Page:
Seth Stoughton, a former police officer who is now a law professor at the University of South Carolina, said it can sometimes be difficult for officers to determine whether a person’s behavior is the result of mental illness, substances or a medical episode. The latest training recommendations, he said, urge officers to watch for indicators of health problems and to err on the side of calling for help if there is a potential health problem.

“Officers are not doctors, they are not paramedics,” he said. “They really do not have, nor are they expected to have, the expertise to diagnose what is causing the medical distress. But they should be able to identify the indicators.”

Shortly after the stop, officers began questioning why Ms. McClure was driving erratically.

“I knew I wasn’t drunk, I just didn’t feel well,” Ms. McClure said in an interview at her apartment, where she is now largely confined because of brain damage that is said to have been greatly exacerbated by the delay. in medical care.

A spokesman for the Washington State Patrol declined to comment, citing the lawsuit. Thurston County Sheriff Derek Sanders, who oversees the jail where Ms. McClure was being held, said in a statement that a thorough investigation into the “serious” allegations was underway.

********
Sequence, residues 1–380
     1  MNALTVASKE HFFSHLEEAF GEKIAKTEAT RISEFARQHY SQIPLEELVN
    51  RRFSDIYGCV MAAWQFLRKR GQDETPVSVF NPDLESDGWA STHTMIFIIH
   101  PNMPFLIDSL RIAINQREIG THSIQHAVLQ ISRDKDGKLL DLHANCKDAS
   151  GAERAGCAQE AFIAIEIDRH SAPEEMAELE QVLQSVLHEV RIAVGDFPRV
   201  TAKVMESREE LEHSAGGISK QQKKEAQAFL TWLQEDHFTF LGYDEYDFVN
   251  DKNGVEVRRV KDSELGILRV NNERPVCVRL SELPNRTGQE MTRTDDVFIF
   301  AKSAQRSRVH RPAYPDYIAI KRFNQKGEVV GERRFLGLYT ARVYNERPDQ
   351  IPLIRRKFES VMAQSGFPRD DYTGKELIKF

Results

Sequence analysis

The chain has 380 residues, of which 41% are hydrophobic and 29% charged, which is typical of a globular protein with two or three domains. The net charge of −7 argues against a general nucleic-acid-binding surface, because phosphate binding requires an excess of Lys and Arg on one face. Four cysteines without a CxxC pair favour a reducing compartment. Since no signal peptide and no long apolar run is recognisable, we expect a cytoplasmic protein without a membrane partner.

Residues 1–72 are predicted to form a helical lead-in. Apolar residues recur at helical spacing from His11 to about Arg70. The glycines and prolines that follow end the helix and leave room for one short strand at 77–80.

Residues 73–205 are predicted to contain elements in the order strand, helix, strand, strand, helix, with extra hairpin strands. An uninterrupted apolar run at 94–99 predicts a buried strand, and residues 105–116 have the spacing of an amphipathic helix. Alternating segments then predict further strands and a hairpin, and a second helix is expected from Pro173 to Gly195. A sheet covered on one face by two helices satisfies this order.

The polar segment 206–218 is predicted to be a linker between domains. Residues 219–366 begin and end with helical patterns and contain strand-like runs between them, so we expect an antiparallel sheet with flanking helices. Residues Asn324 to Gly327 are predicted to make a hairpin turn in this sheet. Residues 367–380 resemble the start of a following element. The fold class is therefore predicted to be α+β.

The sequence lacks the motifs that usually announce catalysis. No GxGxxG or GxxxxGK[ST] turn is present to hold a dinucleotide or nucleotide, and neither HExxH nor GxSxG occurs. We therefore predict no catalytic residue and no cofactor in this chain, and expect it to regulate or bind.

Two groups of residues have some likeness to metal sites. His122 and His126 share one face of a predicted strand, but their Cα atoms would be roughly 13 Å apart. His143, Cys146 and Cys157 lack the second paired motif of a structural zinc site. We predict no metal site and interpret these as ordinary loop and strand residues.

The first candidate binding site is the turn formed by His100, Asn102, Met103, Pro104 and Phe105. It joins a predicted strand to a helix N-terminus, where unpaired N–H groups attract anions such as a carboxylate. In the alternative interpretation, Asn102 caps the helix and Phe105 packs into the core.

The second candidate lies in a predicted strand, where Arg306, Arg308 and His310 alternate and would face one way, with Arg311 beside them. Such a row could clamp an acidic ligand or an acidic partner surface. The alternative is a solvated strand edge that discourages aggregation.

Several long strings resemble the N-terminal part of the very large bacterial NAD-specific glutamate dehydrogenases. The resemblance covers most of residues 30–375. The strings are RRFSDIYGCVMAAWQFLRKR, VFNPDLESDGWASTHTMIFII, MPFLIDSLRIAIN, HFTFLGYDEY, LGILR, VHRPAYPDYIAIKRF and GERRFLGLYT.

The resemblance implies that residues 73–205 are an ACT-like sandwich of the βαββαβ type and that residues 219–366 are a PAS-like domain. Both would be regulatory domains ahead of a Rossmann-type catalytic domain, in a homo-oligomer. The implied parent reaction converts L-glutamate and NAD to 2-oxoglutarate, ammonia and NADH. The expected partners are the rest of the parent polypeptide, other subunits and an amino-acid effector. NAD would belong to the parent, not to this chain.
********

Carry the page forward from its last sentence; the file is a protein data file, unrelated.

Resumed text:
“The safety of our inmates and staff remains our top priority,” he said.

Before her arrest, Ms McClure, 38, enjoyed hiking and cooking. She keeps her pictures from that time now that she has difficulty doing any activity.

She took a job as a night clerk at Walmart in 2022. She was still on the job one night in March of that year when she felt confused. She didn’t seem to be able to operate the scanning device she used for work. Her hands were sweating and her feet tingled.

Her boss let her leave work early.

Officer Jonathan Barnes wrote that he saw Ms. McClure’s car traveling at a low rate of speed and drifting out of its lane. He turned on the lights, but then turned them off when the car did not stop. He later watched as the vehicle went over the raised part of one roundabout and then crashed into another.

After Ms McClure stopped, Mr Barnes can be seen in the video shouting at her to get out of the vehicle. He accused her of fleeing the police and resisting arrest, and handcuffed her. One of her hands was still holding the keys, and the officer accused her of trying to use them as a weapon, even though there was no sign of that on the video.